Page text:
If you’ve been into the supermarket recently, chances are you’ve noticed ‘meat-free meat’ or faux meat products popping up on the shelves.
Faux meat products are becoming increasingly popular and more readily available, with brands like Impossible Foods now stocking their imitation beef products in Woolworths, and a petition underway to bring KFC’s Beyond Chicken products to Australia.
To shed light on what faux meat is and whether it’s actually a healthy alternative, Yahoo Lifestyle spoke to Maria Shahid, PhD Candidate, Food Policy at The George Institute for Global Health.
A move away from red meat - for health?
As Shahid explains, “we know that consuming large amounts of red and processed meat products, like sausages, salami, and bacon, puts individuals at risk of developing heart disease, some cancers and type 2 diabetes.
"For those concerned about the health impacts of eating too much red meat, faux meat products have provided another way to enjoy that meat-like texture, taste and to reach protein targets."
What are faux meat products?
Most supermarket meat alternatives are plant-based and use protein sources such as soy, pea and wheat, in place of animal proteins.
“They aim to mimic the taste and texture of traditional meat products and some are fortified with nutrients naturally found in meat, such as iron and vitamin B12,” says Shahid.
Are there really health benefits to swapping regular meat for faux meat?
According to Shahid, substituting regular meat products for faux meat products can benefit your health.
“By swapping out regular meat products (particularly processed meats) with plant-based alternatives, we can reduce our risk of developing the negative health outcomes associated with excess meat consumption while maintaining a balanced diet,” says Shahid.
“Plant-based meat alternatives such as the Beyond Meat and Impossible Foods range are relatively new to the market, so we need more research into what long-term benefit these products can provide on their own, beyond any benefits gained from substitution.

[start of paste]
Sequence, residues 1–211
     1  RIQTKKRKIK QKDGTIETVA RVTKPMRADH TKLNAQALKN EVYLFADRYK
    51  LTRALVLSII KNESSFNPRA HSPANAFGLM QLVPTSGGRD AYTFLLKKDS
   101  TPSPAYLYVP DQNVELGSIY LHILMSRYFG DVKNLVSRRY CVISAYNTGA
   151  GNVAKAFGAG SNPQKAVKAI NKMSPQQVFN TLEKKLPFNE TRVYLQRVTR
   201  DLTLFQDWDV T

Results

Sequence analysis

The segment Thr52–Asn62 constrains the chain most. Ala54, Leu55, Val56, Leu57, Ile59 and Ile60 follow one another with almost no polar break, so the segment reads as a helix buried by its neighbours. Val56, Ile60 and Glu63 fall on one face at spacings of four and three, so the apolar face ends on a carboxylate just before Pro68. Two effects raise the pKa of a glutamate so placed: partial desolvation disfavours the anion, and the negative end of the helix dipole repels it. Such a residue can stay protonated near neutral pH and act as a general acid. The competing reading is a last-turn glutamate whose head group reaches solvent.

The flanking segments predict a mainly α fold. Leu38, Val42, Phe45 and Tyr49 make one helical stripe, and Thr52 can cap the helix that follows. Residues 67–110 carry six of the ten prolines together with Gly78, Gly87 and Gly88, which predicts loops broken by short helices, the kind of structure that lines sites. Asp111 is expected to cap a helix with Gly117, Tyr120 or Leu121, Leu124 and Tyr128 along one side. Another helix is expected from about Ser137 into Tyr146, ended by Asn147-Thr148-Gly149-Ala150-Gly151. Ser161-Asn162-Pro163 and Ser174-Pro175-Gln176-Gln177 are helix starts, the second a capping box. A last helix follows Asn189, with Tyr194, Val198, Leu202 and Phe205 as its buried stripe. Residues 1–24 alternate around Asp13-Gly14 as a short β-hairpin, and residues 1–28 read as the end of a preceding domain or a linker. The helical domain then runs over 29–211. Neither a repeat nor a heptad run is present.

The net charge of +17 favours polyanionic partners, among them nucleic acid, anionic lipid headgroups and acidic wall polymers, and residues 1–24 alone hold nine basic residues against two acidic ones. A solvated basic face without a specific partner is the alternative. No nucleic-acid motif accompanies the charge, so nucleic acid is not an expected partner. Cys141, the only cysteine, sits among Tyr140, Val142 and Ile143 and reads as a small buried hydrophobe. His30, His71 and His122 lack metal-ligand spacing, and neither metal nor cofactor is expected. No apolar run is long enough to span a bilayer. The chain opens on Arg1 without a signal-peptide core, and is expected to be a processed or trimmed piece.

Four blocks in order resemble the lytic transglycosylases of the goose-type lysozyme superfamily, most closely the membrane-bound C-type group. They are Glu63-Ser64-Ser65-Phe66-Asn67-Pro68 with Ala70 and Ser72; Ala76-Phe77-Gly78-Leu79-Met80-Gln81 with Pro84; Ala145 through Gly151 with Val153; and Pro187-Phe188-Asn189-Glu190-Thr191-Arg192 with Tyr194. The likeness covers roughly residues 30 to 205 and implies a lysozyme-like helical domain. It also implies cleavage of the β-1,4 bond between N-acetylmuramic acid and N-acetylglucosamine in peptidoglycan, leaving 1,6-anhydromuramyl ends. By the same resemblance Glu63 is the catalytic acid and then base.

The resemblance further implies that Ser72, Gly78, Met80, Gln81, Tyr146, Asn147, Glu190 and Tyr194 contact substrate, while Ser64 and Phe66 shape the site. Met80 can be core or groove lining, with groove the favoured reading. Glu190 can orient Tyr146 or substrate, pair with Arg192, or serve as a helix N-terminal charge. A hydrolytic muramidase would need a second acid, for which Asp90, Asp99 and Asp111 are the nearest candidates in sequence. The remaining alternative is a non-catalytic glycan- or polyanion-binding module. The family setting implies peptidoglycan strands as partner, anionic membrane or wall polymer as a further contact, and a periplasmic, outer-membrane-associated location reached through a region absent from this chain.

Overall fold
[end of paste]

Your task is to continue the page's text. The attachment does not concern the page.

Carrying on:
“Since most meat alternatives are plant-based, they do have the additional benefit of having higher levels of fibre and lower levels of harmful fats compared to regular meat products.”
Other reasons people choose plant-based meat alternatives
“Beyond issues of health,” says Shahid, “we also know a major reason people are turning towards these products is their desire to reduce meat consumption for other reasons – particularly concerns around environmental sustainability given the known contribution of beef production for example to carbon emissions.”
Keeping processed foods in moderation - how to choose a healthier option
Whilst faux meat products provide a convenient way to reduce regular meat in your diet, experts are clear that swapping out whole foods for highly processed alternatives won’t necessarily improve your health.
“Like any processed food group, not all meat alternatives are created equally. Within the range of products available, there are a range of nutrient values that consumers can look out for - meat alternative products can be high in sodium/salt, so it is important for consumers to read the label and choose products with less than 400mg of sodium per 100g.
“As with processed meat products, many meat alternatives are classified as “ultra-processed”, meaning they go through multiple cooking processes and have long ingredient lists including additives and artificial ingredients.
“Consuming high levels of ultra-processed foods has been linked to negative health outcomes like obesity, high blood pressure and heart disease. It’s best to select meat alternatives with shorter ingredient lists in order to make the healthiest choice possible when buying these products.”
The wholefood plant-based alternatives for improved health
So, if you’re keen to make the change and eat less red meat, Shahid suggests building in a variety of plant-based whole foods instead.
“There are a variety of plant-based protein sources we can incorporate into our diet in place of meat or plant-based meat alternatives. These include: falafel, tofu, tempeh, seitan and legumes. In general, the more unprocessed whole foods you can incorporate into your diet, the better.”
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